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Americans Against In-Flight Cell Talking

Restricted cell phone use on airplanes may be an enormous inconvenience for tech addicts and talkaholics, but for those who would rather not overhear all about other passengers’ personal lives as they’re  barked  into a phone from 18 inches away, it also creates a sanctuary. With progress toward removing these restrictions speeding up, a surprisingly survey shows that most Americans would rather not allow talking on cell phones on planes, and would like to see them limited to silent features.

The survey, commissioned by Yahoo, found that the solid majority of Americans, 74 percent, would like to see mobile phone use restricted to non-talking features like texting and games. Regionally, the feeling was especially prevalent in the west, where 83 percent expressed a need for shutting up in flight. If talking on cell phones were allowed, 69 percent of Americans would want designated areas for it aboard the plane, a sentiment especially strong among older fliers.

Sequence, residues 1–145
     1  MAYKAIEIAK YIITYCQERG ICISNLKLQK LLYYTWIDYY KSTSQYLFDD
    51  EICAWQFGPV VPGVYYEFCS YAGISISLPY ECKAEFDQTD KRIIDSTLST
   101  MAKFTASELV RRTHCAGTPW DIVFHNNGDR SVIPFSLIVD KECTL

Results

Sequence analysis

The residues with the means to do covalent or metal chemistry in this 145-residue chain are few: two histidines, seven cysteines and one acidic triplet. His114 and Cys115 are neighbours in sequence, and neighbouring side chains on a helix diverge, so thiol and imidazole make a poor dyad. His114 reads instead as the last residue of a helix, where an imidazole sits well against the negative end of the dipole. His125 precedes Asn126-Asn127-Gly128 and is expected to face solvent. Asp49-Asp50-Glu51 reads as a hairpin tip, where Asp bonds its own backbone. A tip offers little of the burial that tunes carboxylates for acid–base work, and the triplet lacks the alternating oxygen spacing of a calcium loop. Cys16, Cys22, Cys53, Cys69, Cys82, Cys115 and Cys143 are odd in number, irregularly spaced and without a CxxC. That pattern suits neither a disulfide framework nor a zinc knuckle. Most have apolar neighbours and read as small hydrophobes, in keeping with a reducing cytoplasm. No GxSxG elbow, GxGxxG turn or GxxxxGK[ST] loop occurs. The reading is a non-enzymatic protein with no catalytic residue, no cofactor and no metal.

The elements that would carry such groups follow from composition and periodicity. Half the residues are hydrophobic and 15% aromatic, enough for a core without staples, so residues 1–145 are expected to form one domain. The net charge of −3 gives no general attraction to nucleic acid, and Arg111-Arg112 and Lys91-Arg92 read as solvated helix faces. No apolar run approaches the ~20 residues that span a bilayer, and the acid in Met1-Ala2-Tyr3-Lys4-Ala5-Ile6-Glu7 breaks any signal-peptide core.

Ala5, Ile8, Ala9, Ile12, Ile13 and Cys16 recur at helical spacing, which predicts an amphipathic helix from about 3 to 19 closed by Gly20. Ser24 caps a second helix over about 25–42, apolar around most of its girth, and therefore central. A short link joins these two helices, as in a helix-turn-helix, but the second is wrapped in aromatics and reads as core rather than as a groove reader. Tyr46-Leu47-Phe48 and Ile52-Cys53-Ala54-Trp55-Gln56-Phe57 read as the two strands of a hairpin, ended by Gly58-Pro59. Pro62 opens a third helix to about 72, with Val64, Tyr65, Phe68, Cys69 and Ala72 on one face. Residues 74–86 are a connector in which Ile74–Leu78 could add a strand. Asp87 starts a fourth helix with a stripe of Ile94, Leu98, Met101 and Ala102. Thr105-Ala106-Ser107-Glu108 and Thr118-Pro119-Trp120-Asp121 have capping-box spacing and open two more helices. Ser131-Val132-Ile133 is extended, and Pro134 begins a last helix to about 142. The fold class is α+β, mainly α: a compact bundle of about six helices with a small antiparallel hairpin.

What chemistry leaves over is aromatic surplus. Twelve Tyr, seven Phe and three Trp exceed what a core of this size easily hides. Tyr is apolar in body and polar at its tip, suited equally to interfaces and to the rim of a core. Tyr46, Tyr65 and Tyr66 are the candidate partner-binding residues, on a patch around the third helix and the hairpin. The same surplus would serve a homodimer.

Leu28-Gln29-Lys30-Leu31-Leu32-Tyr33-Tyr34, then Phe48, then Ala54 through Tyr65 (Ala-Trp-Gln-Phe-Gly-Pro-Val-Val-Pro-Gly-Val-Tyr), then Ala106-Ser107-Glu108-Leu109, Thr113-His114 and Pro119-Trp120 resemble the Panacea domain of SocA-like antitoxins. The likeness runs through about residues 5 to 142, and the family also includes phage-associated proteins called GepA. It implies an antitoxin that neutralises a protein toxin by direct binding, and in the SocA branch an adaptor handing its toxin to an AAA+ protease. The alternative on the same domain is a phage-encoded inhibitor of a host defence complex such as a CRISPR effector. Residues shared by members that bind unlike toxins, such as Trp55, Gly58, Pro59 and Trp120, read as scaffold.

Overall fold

While passengers may reject the more irritating functions of cell phones, they seem ready to embrace their more discrete functions aboard planes. Nearly half of Americans between 35 and 44 wanted to be able to check e-mail from their phones while in flight, and a majority of younger fliers between 18 and 34, wanted to be able to text.

While in-flight calls may still be a way off in the U.S., testing has already begun in Europe, with service likely to follow shortly.

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